The Baltic Dry Index fell 4.7 percent to 484 points, the lowest in Baltic Exchange data starting in January 1985.
Baltic Dry Index is compiled by the London-based Baltic Exchange and covers prices for transported cargo such as coal, grain and iron ore.
The index is based on a daily survey of agents all over the world. Baltic Dry hit a temporary peak on May 20, 2008, when the index hit 11,793. The lowest level ever reached was on Tuesday, December 15, 2015, when the index dropped to 484 points.
According to Bloomberg, the shipping industry’s most-watched measure of rates for hauling commodities plunged to a fresh record amid a persisting glut of ships and speculation weakening Chinese steel output could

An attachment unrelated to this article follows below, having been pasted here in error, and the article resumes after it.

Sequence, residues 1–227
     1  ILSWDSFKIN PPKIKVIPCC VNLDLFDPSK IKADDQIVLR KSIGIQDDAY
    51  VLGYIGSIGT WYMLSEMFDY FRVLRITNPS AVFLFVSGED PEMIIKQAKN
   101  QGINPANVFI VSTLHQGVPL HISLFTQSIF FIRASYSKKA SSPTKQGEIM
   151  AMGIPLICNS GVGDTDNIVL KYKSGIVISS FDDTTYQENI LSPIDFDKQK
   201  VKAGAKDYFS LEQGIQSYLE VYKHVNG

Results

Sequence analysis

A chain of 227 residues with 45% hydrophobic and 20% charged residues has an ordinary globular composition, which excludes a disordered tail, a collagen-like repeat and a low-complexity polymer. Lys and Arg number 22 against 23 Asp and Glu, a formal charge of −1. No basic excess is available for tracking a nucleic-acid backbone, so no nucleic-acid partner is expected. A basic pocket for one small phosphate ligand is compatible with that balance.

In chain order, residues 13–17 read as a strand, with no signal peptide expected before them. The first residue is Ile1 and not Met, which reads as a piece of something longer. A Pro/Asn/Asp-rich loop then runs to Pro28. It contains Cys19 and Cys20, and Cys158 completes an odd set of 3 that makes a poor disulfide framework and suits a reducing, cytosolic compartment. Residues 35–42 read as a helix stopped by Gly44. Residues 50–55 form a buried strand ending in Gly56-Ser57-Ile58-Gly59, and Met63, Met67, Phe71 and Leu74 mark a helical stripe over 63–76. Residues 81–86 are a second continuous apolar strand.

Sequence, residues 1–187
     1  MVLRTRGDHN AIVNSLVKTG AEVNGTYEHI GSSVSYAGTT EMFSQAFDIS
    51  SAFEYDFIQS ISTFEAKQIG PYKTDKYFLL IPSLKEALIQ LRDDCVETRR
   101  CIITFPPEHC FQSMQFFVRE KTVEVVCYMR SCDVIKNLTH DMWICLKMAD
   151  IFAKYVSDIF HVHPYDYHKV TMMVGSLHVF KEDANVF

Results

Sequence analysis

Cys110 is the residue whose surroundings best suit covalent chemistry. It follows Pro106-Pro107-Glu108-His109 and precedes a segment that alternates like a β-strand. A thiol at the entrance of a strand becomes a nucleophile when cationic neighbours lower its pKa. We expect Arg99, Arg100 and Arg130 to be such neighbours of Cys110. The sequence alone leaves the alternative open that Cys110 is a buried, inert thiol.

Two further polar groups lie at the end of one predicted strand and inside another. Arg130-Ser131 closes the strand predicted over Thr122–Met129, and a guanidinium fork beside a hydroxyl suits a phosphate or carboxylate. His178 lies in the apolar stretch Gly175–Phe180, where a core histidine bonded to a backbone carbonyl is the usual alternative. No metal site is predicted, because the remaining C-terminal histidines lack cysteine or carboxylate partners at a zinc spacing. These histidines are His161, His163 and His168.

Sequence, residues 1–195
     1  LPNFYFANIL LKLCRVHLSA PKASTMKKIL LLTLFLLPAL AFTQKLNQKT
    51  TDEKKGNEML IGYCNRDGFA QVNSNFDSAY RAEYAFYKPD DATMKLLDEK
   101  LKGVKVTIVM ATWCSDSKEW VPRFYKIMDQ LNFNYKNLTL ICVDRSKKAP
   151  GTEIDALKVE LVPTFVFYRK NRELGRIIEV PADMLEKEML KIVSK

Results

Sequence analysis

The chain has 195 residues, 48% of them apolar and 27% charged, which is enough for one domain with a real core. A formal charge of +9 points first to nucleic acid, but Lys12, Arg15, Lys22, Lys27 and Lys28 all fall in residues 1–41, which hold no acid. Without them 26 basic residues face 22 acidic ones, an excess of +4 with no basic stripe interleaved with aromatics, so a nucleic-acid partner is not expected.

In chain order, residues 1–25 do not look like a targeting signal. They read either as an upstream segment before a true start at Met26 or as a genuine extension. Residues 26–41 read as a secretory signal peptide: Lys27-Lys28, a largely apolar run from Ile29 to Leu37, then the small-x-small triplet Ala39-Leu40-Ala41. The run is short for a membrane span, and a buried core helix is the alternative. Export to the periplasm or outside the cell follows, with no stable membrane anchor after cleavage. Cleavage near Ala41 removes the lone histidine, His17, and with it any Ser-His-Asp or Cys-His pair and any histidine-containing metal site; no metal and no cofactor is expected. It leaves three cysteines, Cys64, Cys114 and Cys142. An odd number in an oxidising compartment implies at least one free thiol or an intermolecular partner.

translate into declining imports of iron ore to make the alloy.
Rates for three of the four ship types tracked by the exchange retreated. China, which makes about half the world’s steel, is on track for the biggest drop in output for more than two decades, according to data compiled by Bloomberg Intelligence
Owners are reeling as China’s combined seaborne imports of iron ore and coal -- commodities that helped fuel a manufacturing boom -- record the first annual declines in at least a decade.
Rates for Capesize ships fell by between 13 percent and 15 percent, the Baltic Exchange’s figures showed. Smaller Panamaxes, which can navigate the waterway, advanced 0.3 percent to $3,285 a day. The two other vessel types that the Baltic Exchange monitors both declined.